3) Surgical technique

Surgical resection of chest wall sarcoma included resection of the affected rib with at least a 4-cm margin, unaffected ribs above and below the tumor, adjacent muscles, and underlying pleura, and any other tissues adherent to the tumor. Pathologically negative margins were identified in all 4 directions from the tumor via frozen biopsy. When vital structures such as the spinal cord or vascular structures were present near the tumor, a 2-cm margin was permitted for surgical resection.

4) Statistical analysis

The descriptive statistics for categorical variables are reported as frequency and percentage, whereas continuous variables are reported as mean±standard deviation or median (range). Categorical variables were compared between the groups using the chi-square test or the Fisher exact test, while continuous variables were compared using the 2-sample t-test or the Wilcoxon rank-sum test. All statistical tests were 2-sided, with an alpha level of 0.05. OS and RFS curves were constructed using Kaplan-Meier estimates and compared using the log-rank test. The relationship between maximal diameter of the tumor and resection margin distance was studied by calculating the Pearson correlation coefficient (r). Statistical significance was inferred for p-values <0.05. The optimal resection margin distance cutoff was evaluated using the Youden index; receiver operating characteristic (ROC) curve analyses for OS and RFS were performed, and the area under the curve (AUC) for each analysis was calculated. Using this criterion, a test with no better accuracy than chance has an AUC of 0.5, whereas a test with perfect accuracy has an AUC of 1. Cox proportional hazard regression was used to identify predictors of OS and RFS. Variables with p-values <0.1 in the univariate analysis were considered for the multivariate analysis. The backward elimination method was used for model selection in the multivariate analysis. The results are reported as hazard ratio (HRs) and 95% confidence interval (CIs). The statistical analysis was performed using IBM SPSS ver. 25.0 (IBM Corp., Armonk, NY, USA).

Results

The baseline characteristics of the patients are listed in Table 1. Their mean age was 47.5 years, and 23 patients (56%) were male. Eighteen patients (44%) presented with a palpable mass. Twelve patients (29%) had a previous history of breast or thyroid cancer. The mean maximal diameter of the tumor was 6.19 cm, with a standard deviation of 3.5 cm. Eight patients (20%) had the cellular type of chondrosarcoma, and 7 (17%) had the cellular type of undifferentiated pleomorphic sarcoma. Fifteen patients (37%) had FNCLCC histologic grade II tumors, while 9 (22%) had FNCLCC histologic grade III tumors. The median number of ribs resected per patient was 3; there were 3 cases of partial resection of the sternum and 4 of partial resection of the vertebrae. Gore-Tex was used for reconstructing the chest wall in 11 patients (27%), and 20 patients (49%) were treated using neoadjuvant or adjuvant treatment with surgery.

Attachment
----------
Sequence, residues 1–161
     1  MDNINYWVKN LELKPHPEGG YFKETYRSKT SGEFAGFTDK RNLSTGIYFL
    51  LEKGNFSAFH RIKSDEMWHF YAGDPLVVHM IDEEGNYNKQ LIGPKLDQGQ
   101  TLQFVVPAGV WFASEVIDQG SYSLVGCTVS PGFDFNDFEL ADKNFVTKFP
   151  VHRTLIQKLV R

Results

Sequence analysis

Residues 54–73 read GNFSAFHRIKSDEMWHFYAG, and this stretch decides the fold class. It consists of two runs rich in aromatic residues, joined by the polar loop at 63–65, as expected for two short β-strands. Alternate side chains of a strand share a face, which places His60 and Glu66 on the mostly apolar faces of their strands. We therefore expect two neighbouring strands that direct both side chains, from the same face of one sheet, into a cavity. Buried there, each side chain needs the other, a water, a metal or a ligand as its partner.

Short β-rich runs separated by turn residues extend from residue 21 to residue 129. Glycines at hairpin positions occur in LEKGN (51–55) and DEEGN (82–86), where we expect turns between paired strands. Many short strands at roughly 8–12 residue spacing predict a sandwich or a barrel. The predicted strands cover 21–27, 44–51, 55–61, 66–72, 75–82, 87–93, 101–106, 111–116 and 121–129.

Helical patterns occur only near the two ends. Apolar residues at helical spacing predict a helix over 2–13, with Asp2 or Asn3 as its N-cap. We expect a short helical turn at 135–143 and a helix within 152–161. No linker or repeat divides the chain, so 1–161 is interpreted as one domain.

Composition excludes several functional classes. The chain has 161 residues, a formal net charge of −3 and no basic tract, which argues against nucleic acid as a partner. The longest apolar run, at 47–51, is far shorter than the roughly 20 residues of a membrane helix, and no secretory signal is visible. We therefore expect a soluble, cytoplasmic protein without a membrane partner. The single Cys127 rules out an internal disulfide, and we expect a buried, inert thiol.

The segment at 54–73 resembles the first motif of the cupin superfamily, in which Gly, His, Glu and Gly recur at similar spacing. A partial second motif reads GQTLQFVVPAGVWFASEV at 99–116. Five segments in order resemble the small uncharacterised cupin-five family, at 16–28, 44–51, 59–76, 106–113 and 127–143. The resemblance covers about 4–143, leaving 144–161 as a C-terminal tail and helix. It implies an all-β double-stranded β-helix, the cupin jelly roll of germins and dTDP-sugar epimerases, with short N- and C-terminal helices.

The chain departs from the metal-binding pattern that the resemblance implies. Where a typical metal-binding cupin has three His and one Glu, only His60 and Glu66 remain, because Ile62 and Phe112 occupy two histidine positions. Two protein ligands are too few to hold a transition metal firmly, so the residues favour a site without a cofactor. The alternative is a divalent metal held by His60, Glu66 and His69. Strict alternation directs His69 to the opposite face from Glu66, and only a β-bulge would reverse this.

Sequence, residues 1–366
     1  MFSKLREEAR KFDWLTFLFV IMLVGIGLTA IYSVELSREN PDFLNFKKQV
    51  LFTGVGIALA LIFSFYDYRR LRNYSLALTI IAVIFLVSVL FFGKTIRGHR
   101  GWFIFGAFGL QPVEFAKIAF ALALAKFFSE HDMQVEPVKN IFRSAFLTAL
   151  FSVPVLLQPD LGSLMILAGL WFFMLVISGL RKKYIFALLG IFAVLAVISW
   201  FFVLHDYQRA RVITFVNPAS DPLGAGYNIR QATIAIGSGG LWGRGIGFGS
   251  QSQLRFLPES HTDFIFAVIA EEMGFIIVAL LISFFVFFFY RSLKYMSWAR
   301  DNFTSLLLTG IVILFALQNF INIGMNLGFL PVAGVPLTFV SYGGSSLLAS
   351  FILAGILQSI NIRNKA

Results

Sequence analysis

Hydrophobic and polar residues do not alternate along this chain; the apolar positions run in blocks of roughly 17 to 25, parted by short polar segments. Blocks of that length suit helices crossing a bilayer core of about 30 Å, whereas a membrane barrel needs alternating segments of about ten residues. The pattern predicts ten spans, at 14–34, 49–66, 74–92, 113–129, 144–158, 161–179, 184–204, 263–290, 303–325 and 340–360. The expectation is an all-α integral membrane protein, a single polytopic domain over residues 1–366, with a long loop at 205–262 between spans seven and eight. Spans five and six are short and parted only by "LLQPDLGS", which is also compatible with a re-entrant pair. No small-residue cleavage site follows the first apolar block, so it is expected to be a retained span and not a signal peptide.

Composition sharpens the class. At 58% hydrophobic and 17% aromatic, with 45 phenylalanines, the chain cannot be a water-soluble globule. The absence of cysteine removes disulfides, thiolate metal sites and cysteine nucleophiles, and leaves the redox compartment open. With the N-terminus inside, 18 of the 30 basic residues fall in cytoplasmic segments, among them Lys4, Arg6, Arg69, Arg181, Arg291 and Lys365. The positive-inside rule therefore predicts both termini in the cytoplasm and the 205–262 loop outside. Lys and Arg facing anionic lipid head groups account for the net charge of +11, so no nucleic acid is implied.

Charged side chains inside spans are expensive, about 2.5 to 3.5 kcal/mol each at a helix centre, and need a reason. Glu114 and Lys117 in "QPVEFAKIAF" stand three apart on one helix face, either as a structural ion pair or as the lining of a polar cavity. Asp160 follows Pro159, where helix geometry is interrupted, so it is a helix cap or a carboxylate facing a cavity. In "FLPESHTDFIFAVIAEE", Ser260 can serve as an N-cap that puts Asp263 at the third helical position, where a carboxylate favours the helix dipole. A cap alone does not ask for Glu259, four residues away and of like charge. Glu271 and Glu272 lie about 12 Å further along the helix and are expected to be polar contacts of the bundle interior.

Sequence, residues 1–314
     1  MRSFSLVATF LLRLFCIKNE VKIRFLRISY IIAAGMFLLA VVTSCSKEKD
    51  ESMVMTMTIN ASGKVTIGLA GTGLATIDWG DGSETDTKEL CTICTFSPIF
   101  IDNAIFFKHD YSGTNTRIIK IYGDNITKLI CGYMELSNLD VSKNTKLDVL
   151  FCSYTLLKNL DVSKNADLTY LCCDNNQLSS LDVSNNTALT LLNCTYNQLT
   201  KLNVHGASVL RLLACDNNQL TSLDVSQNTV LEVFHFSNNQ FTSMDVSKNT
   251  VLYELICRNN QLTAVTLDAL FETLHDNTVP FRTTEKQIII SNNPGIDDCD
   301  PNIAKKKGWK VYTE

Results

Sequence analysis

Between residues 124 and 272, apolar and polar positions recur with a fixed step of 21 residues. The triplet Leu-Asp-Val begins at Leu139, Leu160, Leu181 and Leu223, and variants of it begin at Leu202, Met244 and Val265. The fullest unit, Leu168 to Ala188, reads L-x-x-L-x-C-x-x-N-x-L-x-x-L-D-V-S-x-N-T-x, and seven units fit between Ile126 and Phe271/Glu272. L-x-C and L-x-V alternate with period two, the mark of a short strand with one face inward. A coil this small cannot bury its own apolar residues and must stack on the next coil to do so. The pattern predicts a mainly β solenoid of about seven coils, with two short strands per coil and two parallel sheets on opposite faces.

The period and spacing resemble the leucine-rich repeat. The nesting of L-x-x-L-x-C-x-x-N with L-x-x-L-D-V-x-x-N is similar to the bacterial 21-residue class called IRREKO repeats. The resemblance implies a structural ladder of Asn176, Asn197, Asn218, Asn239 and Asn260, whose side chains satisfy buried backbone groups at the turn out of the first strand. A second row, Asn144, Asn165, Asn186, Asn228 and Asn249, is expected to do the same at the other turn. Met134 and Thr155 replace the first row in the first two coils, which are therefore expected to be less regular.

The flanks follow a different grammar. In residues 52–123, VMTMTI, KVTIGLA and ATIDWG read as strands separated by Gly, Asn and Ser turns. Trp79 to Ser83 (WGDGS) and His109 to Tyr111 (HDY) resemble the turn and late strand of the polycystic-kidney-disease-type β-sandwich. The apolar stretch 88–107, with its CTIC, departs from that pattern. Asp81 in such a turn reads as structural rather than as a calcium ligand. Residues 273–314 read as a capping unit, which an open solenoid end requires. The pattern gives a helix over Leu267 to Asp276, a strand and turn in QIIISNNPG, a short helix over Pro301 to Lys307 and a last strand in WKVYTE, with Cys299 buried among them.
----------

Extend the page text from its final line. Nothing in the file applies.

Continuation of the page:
Fig. 1 shows the OS curve: 30 patients (73%) survived for >5 years after surgical resection of the primary chest wall sarcoma, while 25 patients (61%) survived for >10 years. Fig. 2 shows the RFS curve. The 10-year RFS was 57.1%.

The AUC of the ROC curve for OS was 66.5% (Fig. 3A) and the AUC of the ROC curve for RFS was 74% (Fig. 3B). The cutoff value in both ROC curves was a resection margin distance of 1.5 cm, which corresponded to the maximum Youden index (in the ROC curve for OS, the cutoff value of 1.5 cm had a sensitivity of 0.85 and a specificity of 0.53; in the ROC curve for RFS, the cutoff value of 1.5 cm had a sensitivity of 0.88 and a specificity of 0.56.

The relationship between the maximal diameter of the tumor and the resection margin distance was studied using Pearson correlation coefficients owing to a tendency for the resection margin distance to be shorter in patients with large tumors in clinical practice. The Pearson correlation coefficient was −0.371 (p=0.107).

Table 2 compares the baseline characteristics of the patients without recurrence (group 1, n=23) and those showing recurrence (group 2, n=18). The patients in group 2 were older and had higher rates of histologic grade III tumors and undifferentiated pleomorphic sarcomas. More patients in group 2 than those in group 1 had a resection margin distance <1.5 cm and R1 resection. However, the proportion of patients receiving adjuvant or neoadjuvant treatment did not significantly differ between the groups.